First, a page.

Roman’s Place serves it old school

Written by on May 8, 2013 in Baltimore Bites, Blogs - No comments

Linda Kuzmiw, left, and Roman Kuzmiw, right, serve the classics family style with their daughter, Andrea Butler, center. - Photo by Danielle Sweeney

If Roman’s Place, 2 S. Decker Ave., didn’t exist, “The Wire” creator David Simon would have had to invent it.

Linda Kuzmiw, who co-owns the restaurant with her husband Roman, says Roman’s is definitely a throwback to “back in the day.”

“We are only the bar’s second owners. The first owned the place for 50 years,” she says.

The 27-year-old Highlandtown rowhouse bar/restaurant is about as far away from Canton’s gentrification as you can get. It’s typical Baltimore, but without the Honfest stereotypes.

It should come as no surprise that a newspaper writers’ and photographers’ group holds court in the tavern once a week.
Kuzmiw characterizes Roman’s menu as “old tavern fare,” and her description is apt. There’s nothing gourmet here. It’s strictly a hot platter (roast turkey, pork chops, roast beef) kind of place, where sauerkraut and lima beans are on the menu every day. You could call it unreconstructed American comfort food. Imagine eating at your grandma’s, but with a bar and six TVs.

A lot of Roman’s food is made from scratch by Roman, and all of the homemade items are worth trying.

“We roast three or four whole turkeys a week for our turkey club sandwiches. There’s no ‘lunchmeat’ turkey here. And I cut all of the rounds for our roast beef. We are fortunate in that we are small enough so that everything can be homemade. I like it that way,”  Kuzmiw explains.

The turkey clubs ($7.75) and 1/2 chicken dinners ($9.95) are neighborhood mainstays, and local favorites like soft crabs ($14.95) and crab cakes ($14.95) are on the menu all year long. Ribs, which take a half hour to prepare, were recently added to the menu.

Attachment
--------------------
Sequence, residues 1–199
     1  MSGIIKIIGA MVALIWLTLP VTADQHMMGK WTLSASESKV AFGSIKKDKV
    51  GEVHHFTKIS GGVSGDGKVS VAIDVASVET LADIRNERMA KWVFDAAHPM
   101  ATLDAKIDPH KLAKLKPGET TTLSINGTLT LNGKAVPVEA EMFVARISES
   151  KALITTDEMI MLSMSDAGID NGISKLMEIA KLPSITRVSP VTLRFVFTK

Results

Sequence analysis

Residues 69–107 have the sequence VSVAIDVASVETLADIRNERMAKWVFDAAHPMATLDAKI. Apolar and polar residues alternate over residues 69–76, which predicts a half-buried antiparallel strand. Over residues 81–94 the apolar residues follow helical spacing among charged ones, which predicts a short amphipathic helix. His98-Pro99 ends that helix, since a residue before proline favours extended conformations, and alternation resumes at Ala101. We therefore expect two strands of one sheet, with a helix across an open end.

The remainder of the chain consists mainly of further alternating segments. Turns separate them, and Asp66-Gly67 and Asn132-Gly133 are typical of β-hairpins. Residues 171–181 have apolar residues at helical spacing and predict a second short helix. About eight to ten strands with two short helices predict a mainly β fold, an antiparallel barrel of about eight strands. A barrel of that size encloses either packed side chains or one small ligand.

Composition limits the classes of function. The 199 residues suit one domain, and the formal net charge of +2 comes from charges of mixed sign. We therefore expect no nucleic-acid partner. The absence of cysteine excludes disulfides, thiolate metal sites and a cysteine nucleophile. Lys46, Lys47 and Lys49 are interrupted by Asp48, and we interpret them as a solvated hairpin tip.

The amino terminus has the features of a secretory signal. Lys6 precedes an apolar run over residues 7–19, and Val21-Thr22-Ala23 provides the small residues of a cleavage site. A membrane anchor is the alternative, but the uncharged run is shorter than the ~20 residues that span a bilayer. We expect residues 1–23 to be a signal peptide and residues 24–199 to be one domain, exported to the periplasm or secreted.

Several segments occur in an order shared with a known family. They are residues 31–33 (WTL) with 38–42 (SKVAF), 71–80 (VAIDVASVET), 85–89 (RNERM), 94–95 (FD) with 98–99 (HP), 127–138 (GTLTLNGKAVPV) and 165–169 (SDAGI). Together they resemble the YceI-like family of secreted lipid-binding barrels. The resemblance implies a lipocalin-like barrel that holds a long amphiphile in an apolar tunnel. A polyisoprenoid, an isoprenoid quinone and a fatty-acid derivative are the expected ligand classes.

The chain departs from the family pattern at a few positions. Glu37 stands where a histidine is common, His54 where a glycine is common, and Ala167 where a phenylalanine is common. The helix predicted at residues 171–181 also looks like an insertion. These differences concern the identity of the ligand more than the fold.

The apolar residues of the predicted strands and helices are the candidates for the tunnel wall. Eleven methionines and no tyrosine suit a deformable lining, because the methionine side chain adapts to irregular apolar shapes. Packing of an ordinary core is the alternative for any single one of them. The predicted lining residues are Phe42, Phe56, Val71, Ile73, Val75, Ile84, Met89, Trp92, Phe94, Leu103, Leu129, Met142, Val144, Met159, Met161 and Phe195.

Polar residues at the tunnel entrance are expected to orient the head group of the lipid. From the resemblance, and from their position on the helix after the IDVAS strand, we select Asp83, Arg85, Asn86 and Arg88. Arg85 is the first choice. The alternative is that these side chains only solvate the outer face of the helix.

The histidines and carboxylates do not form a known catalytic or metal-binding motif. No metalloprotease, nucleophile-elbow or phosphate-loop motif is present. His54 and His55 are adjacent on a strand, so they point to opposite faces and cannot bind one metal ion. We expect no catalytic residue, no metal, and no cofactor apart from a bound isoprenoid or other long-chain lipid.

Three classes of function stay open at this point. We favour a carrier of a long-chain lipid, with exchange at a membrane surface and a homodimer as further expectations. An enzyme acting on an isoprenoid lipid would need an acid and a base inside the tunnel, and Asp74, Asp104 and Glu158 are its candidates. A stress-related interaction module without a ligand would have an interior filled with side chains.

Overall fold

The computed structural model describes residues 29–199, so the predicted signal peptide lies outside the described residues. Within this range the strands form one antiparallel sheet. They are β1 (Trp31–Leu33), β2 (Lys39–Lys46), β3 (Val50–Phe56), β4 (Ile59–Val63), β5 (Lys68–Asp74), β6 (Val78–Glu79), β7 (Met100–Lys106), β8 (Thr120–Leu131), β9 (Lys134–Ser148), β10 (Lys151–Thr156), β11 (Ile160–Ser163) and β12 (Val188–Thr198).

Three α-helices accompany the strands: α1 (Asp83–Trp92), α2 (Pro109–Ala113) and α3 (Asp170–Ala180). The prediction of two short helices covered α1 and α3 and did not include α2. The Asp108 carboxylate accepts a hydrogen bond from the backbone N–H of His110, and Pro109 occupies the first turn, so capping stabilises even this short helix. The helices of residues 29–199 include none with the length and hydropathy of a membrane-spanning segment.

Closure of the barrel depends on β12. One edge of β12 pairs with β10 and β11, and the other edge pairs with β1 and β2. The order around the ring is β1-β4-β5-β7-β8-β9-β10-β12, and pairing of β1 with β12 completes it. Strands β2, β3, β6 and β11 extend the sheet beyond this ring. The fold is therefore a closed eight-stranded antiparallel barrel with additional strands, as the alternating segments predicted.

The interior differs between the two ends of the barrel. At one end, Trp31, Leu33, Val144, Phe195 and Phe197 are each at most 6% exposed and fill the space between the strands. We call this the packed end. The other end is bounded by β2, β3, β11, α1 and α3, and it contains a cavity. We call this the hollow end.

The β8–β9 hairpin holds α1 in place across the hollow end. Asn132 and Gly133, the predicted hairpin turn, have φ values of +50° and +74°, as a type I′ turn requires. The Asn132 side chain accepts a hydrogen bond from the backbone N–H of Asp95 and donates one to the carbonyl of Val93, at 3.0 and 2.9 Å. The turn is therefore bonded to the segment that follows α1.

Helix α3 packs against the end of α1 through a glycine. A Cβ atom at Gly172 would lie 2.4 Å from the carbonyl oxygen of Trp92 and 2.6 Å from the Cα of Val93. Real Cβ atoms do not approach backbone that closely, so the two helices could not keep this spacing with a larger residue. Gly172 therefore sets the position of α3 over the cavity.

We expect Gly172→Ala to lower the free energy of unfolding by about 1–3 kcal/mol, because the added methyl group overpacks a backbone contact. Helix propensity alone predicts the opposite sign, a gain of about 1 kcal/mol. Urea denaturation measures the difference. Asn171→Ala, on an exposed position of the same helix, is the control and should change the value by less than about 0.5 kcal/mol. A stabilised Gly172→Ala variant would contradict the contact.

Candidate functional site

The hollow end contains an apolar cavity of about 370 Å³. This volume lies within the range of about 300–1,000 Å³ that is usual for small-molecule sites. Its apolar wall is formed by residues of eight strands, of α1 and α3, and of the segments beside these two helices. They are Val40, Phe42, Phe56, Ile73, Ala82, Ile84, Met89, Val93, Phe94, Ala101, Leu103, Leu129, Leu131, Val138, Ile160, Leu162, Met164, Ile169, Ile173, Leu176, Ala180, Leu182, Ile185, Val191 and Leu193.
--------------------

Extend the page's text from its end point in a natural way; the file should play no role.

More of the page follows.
Roman’s is, fundamentally, a locals’ bar and restaurant.

“We have a group of customers who have been coming here since before we took over. We call them ‘the faithful.’ Until she passed away recently, we had a customer who’d been coming here to eat since the 1940s—60 years,” Kuzmiw explains.

Despite the retro feel, Roman’s is very much a part of contemporary East Baltimore. It has been sponsoring a monthly art installation, “Art on the Walls,” for six years.

“A lot of the bar’s and our neighbors are artists. They suggested we have monthly art shows at Roman’s,” says Kuzmiw.

Roman’s bar includes liquor, drafts—Fat Tire, Yuengling, Sierra Nevada, etc., $3.50-$4.50—plenty of canned and bottled beer, and a few wines.

Surprisingly, for a home-style restaurant, Roman’s does not serve dessert.

“My dad doesn’t make cakes and pies,” says daughter and bartender Andrea Butler, “and our portions are so large, people don’t usually ask for dessert.”

Kuzmiw chimes in: “Every once in a while though, a regular will bring in a homemade cake or cobbler to share with everyone in the restaurant. That’s kind of nice. It’s a neighborhood thing.”

Roman’s is open seven days a week. The kitchen is closed on Tuesdays. This month’s “Art on the Walls” features Kini Collins, whose work will be on display until June. 4.

by Danielle Sweeney

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